At four weeks of therapy, viral load had not declined significantly (Fig. 1). At this point, genotypic drug resistance test was repeated and again no relevant mutations were identified.

At 5 weeks of therapy, fever and asthenia persisted with no other symptoms.

At 6th week viral load increased to 268.211cp/mL (Fig. 1). Esophageal candidiasis and cytomegalic reactivation without organ involvement were documented and treated.

A group decision was to optimize ART to tenofovir/emtricitabine + darunavir/ ritonavir + etravirine (TDF/FTC + DRV/r + ETV) (Fig. 1). The patient was on Daily Observed Therapy.

A third genotypic resistance test was performed and again no relevant or new mutations were found, using different interpretation algorithms: Stanford HIVdb and HIV REGA algorithms (version 8.0.2; available at http://www.rega.kuleuven.be/cev/). An additional file describes this in more detail [See Additional file 2].

INNO-LIA™ HIV I/II test was repeated and an indeterminate result was obtained once again with the same reactivity rating for gp41.

Patient’s condition progressively improved, apyrexia was documented and she was discharged, with a progressively reducing doses of steroids, by 20th of September (after ~11 weeks of hospital stay; ~ 9 weeks of FTC/TDF + ETV + DRV/r).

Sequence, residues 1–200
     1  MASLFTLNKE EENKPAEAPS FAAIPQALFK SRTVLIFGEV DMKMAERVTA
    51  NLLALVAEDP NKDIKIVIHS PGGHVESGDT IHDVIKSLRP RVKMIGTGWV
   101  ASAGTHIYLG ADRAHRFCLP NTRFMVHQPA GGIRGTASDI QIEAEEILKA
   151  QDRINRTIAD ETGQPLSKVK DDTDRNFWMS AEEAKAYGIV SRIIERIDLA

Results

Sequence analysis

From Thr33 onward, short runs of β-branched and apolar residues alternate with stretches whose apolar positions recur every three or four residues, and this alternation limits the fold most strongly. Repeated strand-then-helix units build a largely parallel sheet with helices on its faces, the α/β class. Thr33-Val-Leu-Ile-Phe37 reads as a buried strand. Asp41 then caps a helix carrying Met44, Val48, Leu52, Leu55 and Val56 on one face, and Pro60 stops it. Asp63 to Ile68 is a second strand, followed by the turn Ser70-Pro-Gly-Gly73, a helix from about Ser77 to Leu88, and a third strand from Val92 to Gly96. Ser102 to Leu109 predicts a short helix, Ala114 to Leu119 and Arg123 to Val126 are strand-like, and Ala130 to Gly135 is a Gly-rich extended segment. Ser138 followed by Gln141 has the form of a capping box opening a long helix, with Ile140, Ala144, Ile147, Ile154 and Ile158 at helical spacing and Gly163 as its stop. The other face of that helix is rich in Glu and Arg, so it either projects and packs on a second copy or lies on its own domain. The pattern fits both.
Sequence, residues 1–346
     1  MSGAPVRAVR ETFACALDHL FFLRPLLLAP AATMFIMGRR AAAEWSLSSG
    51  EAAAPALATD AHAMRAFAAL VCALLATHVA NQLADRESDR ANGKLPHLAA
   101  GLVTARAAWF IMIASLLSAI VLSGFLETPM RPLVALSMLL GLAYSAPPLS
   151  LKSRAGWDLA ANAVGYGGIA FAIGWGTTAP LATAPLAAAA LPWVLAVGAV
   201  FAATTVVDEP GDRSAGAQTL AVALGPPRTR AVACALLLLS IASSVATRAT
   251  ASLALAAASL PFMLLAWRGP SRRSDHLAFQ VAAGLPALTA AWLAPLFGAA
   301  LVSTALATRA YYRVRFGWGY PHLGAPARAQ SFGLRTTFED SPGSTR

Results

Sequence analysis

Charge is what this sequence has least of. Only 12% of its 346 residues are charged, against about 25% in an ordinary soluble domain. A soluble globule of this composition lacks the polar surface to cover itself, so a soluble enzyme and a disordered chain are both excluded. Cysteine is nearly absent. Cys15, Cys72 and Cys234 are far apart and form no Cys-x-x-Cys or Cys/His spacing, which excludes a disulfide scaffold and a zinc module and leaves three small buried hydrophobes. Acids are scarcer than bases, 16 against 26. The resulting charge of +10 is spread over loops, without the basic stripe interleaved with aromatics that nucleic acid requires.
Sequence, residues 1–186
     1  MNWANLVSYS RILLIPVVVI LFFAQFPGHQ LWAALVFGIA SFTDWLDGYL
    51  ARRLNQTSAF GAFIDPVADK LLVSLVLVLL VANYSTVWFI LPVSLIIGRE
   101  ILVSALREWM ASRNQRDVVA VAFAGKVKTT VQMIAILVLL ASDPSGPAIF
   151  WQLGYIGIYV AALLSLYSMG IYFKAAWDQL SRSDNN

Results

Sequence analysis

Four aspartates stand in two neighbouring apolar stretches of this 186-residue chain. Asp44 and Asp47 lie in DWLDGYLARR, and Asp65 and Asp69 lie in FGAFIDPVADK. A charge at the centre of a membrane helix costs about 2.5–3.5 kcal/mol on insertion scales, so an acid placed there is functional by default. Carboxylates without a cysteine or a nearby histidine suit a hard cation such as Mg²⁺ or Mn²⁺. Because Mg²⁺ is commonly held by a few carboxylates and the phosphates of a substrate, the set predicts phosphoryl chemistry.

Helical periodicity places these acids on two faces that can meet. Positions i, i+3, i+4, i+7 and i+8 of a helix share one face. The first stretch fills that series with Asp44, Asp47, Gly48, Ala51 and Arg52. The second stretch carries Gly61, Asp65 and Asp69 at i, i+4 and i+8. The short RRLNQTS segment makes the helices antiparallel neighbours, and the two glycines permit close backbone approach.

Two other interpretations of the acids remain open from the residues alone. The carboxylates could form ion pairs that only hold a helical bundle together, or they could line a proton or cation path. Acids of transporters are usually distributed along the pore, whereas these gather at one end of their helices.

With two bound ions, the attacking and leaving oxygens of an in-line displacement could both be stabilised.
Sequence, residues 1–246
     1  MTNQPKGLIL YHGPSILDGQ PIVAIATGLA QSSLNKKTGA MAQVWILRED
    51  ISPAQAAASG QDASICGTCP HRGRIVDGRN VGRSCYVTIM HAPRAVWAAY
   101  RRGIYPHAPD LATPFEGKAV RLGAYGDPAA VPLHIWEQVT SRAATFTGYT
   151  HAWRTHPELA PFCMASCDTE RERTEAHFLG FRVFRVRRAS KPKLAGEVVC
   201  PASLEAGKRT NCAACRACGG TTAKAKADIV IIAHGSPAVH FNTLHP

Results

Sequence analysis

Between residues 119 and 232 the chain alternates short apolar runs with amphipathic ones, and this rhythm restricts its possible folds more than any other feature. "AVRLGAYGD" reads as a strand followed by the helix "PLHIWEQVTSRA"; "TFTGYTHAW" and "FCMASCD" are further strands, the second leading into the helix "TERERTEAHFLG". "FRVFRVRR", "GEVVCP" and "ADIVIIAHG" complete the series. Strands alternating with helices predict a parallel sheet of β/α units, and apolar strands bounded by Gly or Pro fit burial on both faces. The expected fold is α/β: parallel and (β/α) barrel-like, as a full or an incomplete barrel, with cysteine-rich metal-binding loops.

Subsequent viral load quantifications revealed no significant decline (Fig. 1).

Given this unexpected response to therapy a blood sample was sent to Monogram Biosciences® (San Francisco, USA), for phenotypic and genotypic resistance testing: the virus was sensitive to all Nucleoside and Non-Nucleoside Reverse Transcriptase Inhibitors (NRTIs/NNRTIs) and PI drugs. An additional file describes this in more detail [See Additional file 3].

Therapeutic drug monitoring (TDM) was also performed and TDF/FTC + DRV/r + ETV were in therapeutic levels.

Three plasma samples from different dates (August, September and November 2013) were sent to INNOGENETICS reference laboratory in Belgium for HIV testing confirming the INNO-LIA HIV Score results of our institution. Based on those results, they concluded that this patient was not developing expected antibody reactivity. An additional file describes this in more detail [See Additional file 4].